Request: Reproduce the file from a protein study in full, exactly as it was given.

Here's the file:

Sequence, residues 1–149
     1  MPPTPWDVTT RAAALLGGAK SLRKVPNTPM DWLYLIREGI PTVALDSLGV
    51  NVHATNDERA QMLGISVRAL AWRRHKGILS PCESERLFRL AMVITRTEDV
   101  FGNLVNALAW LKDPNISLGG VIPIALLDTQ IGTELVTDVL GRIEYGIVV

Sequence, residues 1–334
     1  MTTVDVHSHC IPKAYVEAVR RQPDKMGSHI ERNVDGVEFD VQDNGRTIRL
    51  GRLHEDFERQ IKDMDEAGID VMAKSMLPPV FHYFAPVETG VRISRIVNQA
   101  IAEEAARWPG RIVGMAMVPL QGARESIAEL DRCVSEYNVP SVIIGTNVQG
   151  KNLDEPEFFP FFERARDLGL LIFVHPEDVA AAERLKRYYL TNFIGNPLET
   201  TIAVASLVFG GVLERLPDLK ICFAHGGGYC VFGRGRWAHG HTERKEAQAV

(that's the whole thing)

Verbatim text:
Sequence, residues 1–149
     1  MPPTPWDVTT RAAALLGGAK SLRKVPNTPM DWLYLIREGI PTVALDSLGV
    51  NVHATNDERA QMLGISVRAL AWRRHKGILS PCESERLFRL AMVITRTEDV
   101  FGNLVNALAW LKDPNISLGG VIPIALLDTQ IGTELVTDVL GRIEYGIVV

Sequence, residues 1–334
     1  MTTVDVHSHC IPKAYVEAVR RQPDKMGSHI ERNVDGVEFD VQDNGRTIRL
    51  GRLHEDFERQ IKDMDEAGID VMAKSMLPPV FHYFAPVETG VRISRIVNQA
   101  IAEEAARWPG RIVGMAMVPL QGARESIAEL DRCVSEYNVP SVIIGTNVQG
   151  KNLDEPEFFP FFERARDLGL LIFVHPEDVA AAERLKRYYL TNFIGNPLET
   201  TIAVASLVFG GVLERLPDLK ICFAHGGGYC VFGRGRWAHG HTERKEAQAV